The middle is the worst place to be in a recession
If you are worried that the economy is swinging south (and you along with it), then you had better make sure you aren’t stuck in the middle. In fact, many companies are already seeing this happen, even though we are not “officially” in a recession yet.
I have been doing a lot of informal research and watching the business news pages, and the evidence for why you don’t want to be in the middle is everywhere. Mercedes dealers (at least those who were strong dealers during the good times) are either even or ahead of last year, while almost everyone else including powerhouse Toyota is having a tough time. And that’s not because Mercedes customers are wealthy enough to not worry about the economy. Their real strength has been in customers trading up from other cars to buy a Mercedes, especially the new “C” Class. Toyota, on the other hand, is seeing sales slide downward, not just in total numbers but also thrugh trading down from their best-selling Camry to the Corolla.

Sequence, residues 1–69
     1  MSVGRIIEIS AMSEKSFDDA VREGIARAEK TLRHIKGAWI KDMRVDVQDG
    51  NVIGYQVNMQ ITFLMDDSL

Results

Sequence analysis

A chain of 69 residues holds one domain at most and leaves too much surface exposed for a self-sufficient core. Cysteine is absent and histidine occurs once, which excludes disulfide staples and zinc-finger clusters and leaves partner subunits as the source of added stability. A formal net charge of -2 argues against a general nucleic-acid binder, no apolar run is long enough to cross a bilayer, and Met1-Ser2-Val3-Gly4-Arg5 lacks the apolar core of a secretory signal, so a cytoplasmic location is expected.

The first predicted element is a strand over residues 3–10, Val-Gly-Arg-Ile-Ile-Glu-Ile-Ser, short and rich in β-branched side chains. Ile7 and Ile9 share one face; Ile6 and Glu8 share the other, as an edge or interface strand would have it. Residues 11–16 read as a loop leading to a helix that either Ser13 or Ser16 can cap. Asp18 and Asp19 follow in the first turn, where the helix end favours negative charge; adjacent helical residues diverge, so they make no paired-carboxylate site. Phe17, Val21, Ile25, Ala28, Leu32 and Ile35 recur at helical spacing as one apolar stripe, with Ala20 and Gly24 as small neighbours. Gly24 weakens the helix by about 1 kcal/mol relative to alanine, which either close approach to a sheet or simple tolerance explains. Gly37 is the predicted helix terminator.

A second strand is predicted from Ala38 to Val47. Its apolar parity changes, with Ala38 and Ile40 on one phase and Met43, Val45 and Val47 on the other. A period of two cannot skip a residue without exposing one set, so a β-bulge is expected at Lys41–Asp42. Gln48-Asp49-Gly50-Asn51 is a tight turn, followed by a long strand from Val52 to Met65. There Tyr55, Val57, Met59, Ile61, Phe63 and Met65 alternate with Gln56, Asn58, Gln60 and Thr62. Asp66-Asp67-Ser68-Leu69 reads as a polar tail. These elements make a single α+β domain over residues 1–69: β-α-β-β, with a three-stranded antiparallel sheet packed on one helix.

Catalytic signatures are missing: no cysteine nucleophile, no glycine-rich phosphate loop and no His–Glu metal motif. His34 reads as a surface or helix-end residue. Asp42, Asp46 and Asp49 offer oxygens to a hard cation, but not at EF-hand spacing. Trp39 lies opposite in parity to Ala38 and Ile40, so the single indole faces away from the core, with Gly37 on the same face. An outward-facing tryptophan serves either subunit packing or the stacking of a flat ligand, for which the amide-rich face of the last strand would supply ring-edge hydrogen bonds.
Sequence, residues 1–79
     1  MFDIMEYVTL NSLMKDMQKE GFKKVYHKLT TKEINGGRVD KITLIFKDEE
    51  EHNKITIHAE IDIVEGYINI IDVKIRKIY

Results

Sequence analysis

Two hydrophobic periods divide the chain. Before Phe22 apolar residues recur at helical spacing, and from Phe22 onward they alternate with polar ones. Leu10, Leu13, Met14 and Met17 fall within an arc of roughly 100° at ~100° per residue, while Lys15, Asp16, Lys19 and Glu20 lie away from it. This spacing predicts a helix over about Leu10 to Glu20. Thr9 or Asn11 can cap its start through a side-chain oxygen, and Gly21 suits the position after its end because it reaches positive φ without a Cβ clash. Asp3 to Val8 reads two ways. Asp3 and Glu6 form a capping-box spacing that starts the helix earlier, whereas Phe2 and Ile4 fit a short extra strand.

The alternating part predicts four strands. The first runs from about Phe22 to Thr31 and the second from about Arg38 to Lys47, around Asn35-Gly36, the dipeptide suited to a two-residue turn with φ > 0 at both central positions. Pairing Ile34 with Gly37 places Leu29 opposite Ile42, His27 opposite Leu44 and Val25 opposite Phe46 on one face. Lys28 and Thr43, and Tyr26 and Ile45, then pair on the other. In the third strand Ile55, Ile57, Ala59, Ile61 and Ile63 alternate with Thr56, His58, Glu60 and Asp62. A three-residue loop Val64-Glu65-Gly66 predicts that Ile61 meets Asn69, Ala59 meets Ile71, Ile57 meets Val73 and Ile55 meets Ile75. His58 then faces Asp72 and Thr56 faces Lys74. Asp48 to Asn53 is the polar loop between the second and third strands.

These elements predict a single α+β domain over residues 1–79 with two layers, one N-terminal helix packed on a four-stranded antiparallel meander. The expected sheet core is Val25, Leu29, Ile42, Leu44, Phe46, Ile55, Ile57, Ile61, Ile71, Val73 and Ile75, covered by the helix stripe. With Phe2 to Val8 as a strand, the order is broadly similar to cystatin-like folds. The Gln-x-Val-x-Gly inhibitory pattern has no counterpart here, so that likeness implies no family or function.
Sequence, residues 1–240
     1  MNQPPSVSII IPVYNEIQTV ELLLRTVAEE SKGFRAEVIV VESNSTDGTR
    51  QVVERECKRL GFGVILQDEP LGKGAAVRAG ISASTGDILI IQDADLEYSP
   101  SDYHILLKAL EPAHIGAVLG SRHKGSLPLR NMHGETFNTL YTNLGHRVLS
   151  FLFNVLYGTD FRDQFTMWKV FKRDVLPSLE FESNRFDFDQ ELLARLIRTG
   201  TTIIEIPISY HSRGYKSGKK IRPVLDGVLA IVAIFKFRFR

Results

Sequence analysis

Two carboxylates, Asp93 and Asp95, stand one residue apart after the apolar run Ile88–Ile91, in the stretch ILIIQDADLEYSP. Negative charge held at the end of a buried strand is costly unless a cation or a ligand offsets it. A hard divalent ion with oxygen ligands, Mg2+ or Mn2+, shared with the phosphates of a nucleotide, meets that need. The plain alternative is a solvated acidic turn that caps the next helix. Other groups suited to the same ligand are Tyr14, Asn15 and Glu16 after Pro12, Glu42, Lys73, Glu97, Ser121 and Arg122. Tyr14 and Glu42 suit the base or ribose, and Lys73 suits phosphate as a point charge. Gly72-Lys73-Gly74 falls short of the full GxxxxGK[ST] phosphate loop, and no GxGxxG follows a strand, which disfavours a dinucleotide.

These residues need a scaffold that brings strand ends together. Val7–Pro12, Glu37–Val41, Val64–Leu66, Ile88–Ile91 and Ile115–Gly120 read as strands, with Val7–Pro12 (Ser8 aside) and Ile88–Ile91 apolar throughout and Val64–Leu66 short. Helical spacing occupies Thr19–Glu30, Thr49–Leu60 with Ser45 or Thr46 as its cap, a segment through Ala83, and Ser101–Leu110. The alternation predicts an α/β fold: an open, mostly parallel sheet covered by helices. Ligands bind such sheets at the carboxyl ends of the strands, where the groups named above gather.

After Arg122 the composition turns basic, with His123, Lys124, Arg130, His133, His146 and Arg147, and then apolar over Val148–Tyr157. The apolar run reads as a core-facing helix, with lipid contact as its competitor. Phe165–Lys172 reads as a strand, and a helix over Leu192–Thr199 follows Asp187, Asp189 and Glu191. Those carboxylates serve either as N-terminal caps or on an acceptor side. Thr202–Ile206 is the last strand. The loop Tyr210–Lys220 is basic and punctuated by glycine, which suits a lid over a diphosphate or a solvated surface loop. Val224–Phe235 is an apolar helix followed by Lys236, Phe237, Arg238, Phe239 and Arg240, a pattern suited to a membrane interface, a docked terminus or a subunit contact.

High end grocery stores are doing much better than their middle-of-the-road competitors. Go into any Trader Joes, and there’s no shortage of customers. I finally picked up a magazine to read as I waited in line the other day. You can also go into the super discount stores that sell leftover products from other grocers, and the crowds are increasing. It’s the middle guys that are gettin hurt. The Wall Street Journal just had an article on July 18 about Safeway, that venerable giant, losing sales to lower-priced competitors.
The point is: if you want to do well in a recession (or even a non-recession like this one), you need to get out of the middle and either strengthen your Alpha Assets to become more of a leader or give up and commit yourself to being a scavenger or survival brand. If you stay in the middle, you will get hurt badly, if this non-recession carries on longer than a few months.
So, as politicians try to believe that being in the middle is the safest place to be this year, don’t take that advice for your company. Commit one way or the other.